In these two articles by the News and Tribune’s Danielle Grady, there are so many questions to be asked, and so few questions actually asked.
Are they ever asked? I really want to know. If I can think of these questions (and others) while reading, then …
FireKing Security Group to be first tenant in Industrial Park West
… David Duggins, New Albany’s director of economic development and redevelopment, said that three years isn’t that long of a time to search for a tenant — a good one, at least.
Is there any evidence for this assertion, or perhaps a corresponding example?
Did the city show property to five potential tenants in three years out of taste and discernment, or because its development hand is so exceedingly weak?
The Carlisle Family was attracted to the Industrial Park partly because of the tax abatements the city offered them. They city approved one abatement for the $6.5 million the Carlisle Family is investing into its new building, while also approving a tax abatement for the $2.2 million worth of manufacturing and IT equipment FireKing is investing into the new location.
Lots and lots of boilerplate tax abatements. The city is adept at giving away money to bigger companies. What sort of programs exist to “assist” smaller start-ups?
“We think that once FireKing gets built up, it’ll really help spur more development because if you don’t know it’s there, you really don’t know it’s there,” he said.
Was that Duggins speaking, or the late Yogi Berra?
Finally, how does the headline “industrial development growing” jibe with the article’s conclusion: “Grant Line Industrial Park West might be one of the last frontiers for industry in the city. New Albany is almost out of industrial space, said Duggins.”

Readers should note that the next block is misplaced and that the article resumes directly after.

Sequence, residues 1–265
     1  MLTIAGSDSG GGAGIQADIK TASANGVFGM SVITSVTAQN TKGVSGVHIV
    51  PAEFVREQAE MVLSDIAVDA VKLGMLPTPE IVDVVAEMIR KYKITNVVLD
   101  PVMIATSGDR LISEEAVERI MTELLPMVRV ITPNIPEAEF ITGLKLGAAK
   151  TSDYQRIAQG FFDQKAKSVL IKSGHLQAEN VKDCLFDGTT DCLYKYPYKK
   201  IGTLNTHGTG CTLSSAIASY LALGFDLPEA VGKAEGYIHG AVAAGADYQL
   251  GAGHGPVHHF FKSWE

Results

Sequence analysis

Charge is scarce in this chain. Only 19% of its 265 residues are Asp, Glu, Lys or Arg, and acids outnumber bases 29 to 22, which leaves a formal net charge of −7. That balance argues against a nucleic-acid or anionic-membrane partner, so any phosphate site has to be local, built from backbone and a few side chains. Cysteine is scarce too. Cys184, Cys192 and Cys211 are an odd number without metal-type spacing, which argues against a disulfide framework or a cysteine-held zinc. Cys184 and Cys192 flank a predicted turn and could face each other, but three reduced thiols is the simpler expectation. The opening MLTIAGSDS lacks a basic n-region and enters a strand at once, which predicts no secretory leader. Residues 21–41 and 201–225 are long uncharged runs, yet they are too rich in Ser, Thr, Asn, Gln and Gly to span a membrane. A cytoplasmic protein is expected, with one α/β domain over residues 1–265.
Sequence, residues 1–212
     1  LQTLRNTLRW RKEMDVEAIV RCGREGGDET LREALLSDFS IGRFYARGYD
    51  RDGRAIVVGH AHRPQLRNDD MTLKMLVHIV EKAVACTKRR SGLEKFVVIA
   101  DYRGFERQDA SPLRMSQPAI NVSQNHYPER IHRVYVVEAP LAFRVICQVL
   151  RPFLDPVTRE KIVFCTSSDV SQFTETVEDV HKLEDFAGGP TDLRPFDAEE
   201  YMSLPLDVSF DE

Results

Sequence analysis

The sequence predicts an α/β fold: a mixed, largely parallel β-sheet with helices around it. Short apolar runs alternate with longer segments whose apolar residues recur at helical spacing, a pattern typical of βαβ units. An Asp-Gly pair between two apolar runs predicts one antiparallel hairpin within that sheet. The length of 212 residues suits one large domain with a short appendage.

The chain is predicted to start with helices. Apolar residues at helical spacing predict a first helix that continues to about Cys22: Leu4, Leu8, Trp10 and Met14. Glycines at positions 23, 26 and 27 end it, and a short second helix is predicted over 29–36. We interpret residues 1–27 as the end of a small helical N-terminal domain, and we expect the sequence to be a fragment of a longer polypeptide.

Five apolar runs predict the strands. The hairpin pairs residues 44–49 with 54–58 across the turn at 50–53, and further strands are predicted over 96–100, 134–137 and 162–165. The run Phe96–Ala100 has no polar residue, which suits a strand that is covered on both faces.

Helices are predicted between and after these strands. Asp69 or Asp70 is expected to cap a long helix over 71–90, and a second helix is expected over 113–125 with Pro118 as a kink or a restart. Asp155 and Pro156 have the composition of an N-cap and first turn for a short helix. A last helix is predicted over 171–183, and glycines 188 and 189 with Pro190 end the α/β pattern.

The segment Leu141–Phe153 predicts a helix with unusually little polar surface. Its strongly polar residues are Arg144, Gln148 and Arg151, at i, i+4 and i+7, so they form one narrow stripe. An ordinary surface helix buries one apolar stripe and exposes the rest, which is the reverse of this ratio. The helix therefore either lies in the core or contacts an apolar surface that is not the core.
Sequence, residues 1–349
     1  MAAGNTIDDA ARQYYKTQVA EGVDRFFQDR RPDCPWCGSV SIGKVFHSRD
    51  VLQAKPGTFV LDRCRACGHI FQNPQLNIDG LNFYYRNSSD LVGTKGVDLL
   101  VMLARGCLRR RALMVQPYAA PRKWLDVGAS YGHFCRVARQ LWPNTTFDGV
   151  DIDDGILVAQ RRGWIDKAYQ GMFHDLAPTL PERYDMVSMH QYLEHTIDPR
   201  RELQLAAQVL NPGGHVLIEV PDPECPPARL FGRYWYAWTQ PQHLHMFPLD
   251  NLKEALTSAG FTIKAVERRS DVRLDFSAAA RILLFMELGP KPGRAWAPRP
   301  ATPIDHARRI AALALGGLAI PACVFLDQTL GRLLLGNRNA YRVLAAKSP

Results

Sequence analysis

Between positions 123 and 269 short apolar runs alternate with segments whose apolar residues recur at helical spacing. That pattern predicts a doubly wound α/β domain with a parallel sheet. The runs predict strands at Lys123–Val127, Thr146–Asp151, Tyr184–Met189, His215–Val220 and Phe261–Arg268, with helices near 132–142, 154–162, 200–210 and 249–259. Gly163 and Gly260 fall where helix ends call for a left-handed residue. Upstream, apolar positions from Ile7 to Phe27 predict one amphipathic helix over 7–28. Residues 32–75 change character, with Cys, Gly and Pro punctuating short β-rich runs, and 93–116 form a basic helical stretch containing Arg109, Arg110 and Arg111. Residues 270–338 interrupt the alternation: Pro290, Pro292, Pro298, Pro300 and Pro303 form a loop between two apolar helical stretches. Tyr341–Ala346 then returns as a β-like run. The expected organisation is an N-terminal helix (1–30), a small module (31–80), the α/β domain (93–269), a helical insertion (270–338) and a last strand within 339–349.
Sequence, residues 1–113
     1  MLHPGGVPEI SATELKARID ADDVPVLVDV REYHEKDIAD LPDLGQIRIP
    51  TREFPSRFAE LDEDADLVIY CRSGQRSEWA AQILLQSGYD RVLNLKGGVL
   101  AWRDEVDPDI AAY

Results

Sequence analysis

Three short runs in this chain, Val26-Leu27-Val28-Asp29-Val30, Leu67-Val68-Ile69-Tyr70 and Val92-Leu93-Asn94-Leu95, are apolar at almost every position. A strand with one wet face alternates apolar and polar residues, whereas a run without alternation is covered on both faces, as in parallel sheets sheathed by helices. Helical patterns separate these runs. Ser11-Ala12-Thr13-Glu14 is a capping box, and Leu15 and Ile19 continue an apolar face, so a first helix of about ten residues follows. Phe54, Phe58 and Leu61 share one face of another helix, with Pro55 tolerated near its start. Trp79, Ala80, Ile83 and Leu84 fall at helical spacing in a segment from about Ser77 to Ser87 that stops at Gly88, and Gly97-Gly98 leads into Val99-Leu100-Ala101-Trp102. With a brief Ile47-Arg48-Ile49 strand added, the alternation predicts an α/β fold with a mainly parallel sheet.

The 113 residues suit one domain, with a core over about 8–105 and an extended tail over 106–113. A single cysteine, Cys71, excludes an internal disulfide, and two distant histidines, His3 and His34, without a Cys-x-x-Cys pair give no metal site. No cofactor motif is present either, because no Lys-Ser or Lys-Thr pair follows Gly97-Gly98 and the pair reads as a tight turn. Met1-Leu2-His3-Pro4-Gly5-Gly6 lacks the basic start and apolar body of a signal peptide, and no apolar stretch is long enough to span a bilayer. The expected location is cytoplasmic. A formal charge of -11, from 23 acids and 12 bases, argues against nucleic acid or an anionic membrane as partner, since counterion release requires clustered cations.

Let’s move on to a second collection of unchallenged smoke-blowing, this time on site at The Break Wind Lofts at Duggins Flats … and waiter, may I have another plaque?
With cream on top?
First building opens in mid-December
… The city of New Albany has been happy with how The Breakwater has been coming along — especially regarding the types of tenants it is attracting.
“We want people to live in downtown that are excited to be in downtown,” said David Duggins, New Albany’s director of economic development and redevelopment.
And the apartment complex just looks nice, Duggins said.
“When you go out there, it’s cool, and I think that’s hard to accomplish sometimes,” he said.
So many questions.
How cool are the sewer tap-in waivers and other public subsidies enabling a private for-profit enterprise to be given its special leg-up?
Given these subsidies, isn’t the city also subsidizing future retail occupants of the old Coyle building, these being subsidies unavailable to other small business owners?
Duggins has denied two-way streets ever came up during these subsidy negotiations, but at least one Flaherty Collins employee has indicated otherwise.
Which is it? Because if this did in fact arise, and if assurances were made by the city to this effect, then every subsequent protest of “two-way streets aren’t a done deal” was a lie (yeah, Irv — you can use that).
But wait — it’s cool, dude.
After all, Duggins isn’t so much a director of economic development as a style arbiter. He’s Gianni Versace, reincarnated, and Jeff Gahan believes it.
If that doesn’t terrify you, nothing will.
|What city is this, anyway?|